Describe the flow of energy that you’ve captured in your paintings.
There’s some meta involved. Painting is a huge release for me, and the houses serve as energy conduits: flowing from them to others, drawing in from their environment, dissolving away into the universe. In my older work I looked a lot at the cyclic nature of life and death, the beauty in something passing yet paving the way for the next generation. I think now that’s more abstracted but still present. Some of the houses might not endure, but they still contain a wealth of power that flows out and causes a rampant floral growth around them, inevitably nourishing the earth. The opposite happens as well. These growths and portals from other places are channeling power into the structures, imbuing them with energy. I enjoy the thought that there’s a type of life force or connected energy between all things.
These growths and portals from other places are channeling power into the structures, imbuing them with energy. I enjoy the thought that there’s a type of life force or connected energy between all things.
You’ve grown into a very specific color palette; do these colors mean anything to you? Is there a reason you stick to them primarily?
Whenever I go to introduce some new element into my work, the palette is something I think about, and it gradually changes over a year or two. Slow and organically. Coming into the current palette was a long process; I didn’t really have a palette before that. But ultimately it’s fun to work through the restraints of a filter. I found when I zeroed in on a few colors I would play much more with everything else before applying the paint, i.e. building texture, the weight of dry pigments scratches versus big subtle washes and so on. Leaving out more color than I put in also seemed to highlight the smaller areas of pigment, so the weight and placement of color became more important. Lately I’m bringing in or returning to some older colors but they still fit in the limited palette ethos.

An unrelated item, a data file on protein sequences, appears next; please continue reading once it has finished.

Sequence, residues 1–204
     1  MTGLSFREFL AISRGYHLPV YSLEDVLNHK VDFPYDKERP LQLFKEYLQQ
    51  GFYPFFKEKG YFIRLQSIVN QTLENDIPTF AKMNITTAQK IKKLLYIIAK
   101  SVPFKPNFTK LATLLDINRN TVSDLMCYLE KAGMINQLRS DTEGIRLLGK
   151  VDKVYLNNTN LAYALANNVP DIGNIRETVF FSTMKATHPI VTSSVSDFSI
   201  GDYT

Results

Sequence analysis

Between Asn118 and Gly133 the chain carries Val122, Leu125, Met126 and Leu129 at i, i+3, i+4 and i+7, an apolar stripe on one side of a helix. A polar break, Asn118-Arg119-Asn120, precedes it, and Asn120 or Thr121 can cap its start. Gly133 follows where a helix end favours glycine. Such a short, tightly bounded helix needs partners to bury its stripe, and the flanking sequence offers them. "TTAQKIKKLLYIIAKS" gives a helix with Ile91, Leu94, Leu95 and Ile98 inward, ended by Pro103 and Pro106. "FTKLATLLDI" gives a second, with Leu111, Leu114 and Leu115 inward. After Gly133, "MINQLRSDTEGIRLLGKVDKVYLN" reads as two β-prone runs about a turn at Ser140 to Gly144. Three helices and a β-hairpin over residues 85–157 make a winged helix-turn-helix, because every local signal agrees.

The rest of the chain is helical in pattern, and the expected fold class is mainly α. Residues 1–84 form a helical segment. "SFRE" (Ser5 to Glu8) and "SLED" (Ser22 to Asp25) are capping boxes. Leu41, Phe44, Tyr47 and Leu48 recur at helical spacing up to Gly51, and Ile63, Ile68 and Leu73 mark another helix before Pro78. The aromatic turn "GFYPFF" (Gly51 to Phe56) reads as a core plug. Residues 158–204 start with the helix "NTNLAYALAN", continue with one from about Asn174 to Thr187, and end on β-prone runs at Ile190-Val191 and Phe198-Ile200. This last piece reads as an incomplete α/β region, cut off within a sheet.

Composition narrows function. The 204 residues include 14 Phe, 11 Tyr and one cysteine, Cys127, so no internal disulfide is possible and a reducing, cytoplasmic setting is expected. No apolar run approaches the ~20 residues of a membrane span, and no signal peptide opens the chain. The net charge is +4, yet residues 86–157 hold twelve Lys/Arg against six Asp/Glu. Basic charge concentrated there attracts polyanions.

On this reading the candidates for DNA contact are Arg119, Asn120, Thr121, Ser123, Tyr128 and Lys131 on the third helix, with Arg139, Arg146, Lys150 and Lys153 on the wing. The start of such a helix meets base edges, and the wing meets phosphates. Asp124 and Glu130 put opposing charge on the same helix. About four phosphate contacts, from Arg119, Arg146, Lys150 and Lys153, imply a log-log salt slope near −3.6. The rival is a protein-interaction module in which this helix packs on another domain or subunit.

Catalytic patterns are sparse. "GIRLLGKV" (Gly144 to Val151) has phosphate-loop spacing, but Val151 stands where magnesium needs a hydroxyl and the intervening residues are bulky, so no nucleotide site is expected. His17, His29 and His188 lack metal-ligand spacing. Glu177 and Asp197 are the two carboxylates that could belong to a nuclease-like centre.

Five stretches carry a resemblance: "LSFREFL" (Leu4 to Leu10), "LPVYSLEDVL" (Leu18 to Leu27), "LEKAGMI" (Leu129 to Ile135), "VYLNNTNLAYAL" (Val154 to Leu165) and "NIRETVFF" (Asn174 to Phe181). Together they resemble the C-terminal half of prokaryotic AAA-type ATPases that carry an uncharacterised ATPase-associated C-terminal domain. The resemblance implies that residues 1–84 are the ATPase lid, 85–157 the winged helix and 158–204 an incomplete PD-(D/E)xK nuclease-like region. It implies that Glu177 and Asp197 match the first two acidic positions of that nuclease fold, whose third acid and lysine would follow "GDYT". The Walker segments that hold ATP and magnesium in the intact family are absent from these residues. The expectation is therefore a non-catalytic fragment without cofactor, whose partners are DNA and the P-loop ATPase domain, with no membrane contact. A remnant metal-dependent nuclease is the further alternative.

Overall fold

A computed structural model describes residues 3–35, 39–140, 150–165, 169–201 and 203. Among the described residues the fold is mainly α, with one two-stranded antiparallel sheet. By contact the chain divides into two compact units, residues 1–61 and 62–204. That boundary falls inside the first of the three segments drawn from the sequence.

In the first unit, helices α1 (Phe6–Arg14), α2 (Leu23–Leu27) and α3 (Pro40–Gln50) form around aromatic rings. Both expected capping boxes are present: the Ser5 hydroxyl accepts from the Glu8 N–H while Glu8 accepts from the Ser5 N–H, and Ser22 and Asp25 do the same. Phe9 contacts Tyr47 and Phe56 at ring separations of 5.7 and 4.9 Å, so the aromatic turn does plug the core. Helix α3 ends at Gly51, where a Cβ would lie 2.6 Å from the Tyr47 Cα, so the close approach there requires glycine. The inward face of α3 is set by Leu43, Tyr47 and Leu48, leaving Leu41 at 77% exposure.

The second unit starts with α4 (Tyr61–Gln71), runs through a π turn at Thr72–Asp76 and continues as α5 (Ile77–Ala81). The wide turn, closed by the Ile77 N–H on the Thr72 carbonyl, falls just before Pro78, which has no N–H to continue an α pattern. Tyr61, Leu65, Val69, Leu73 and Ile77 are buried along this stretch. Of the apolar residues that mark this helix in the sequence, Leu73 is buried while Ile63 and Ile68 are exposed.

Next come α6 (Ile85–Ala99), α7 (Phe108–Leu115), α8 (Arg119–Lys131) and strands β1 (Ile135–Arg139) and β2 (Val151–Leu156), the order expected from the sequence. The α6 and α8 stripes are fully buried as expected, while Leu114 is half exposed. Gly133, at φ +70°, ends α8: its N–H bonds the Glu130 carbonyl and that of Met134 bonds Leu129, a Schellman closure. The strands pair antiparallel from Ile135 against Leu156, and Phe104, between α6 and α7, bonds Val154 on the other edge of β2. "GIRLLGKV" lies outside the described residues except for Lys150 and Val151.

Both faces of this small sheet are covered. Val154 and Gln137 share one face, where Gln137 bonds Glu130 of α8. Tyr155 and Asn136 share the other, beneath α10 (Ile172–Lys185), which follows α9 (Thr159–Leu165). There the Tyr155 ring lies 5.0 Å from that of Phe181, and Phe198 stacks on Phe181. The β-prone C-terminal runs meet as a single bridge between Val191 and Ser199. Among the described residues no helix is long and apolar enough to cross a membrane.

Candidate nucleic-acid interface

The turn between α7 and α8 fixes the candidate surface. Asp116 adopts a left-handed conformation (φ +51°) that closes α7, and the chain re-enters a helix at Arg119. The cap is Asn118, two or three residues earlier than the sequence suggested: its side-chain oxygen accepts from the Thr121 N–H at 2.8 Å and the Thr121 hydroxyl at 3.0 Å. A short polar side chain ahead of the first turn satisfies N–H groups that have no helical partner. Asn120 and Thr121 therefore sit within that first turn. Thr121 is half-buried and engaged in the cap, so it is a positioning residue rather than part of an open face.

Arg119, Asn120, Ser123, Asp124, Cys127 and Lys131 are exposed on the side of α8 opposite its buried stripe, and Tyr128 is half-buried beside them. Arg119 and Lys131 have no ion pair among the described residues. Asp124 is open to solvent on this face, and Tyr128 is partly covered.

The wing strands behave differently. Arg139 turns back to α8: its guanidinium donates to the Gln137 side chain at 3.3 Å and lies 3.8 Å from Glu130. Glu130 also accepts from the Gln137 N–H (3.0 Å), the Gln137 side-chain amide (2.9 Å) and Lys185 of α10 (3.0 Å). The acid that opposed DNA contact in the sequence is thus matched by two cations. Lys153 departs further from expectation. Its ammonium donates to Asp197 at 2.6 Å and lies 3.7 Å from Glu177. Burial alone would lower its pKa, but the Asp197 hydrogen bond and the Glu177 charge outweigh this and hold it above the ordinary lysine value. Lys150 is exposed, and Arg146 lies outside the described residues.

Music has been a huge inspiration for you, and hints of that can be seen throughout your work. What do you usually listen to? Does your soundtrack-of-the-day have any visual effect on what you make?
I notice that if I’m listening to more improvisational music I’ll attack a piece with more abandon, versus an old album that I know inside and out or a podcast I’ll focus on tight details or repetitive passages. What’s playing in the studio is all over the place but I try to have a few albums I’m continuously listening to during month-long intervals. Lately heavy spins have been on a Stones Throw compilation, Soundbombing II, Wilco’s Whole Love, De La Soul’s Mixtape, Liars’ Mess, Foals’ Antidotes and a random show from The Slip in 2004.
What other sources or artists do you draw inspiration from?
Too many artists to list. The great outdoors does a lot, traveling, reading, getting on the ol’ skateboard, history, anthropology, National Geographic, tacos, and banter.
What is something interesting about you that almost no one knows?
My third grade nickname was Toad because I was constantly catching frogs, toads, snakes, salamanders, turtles, etc.
I’m almost afraid to ask, but what is your prediction of what the future holds for us?
All empires crumble. It’s up to us to slow that push…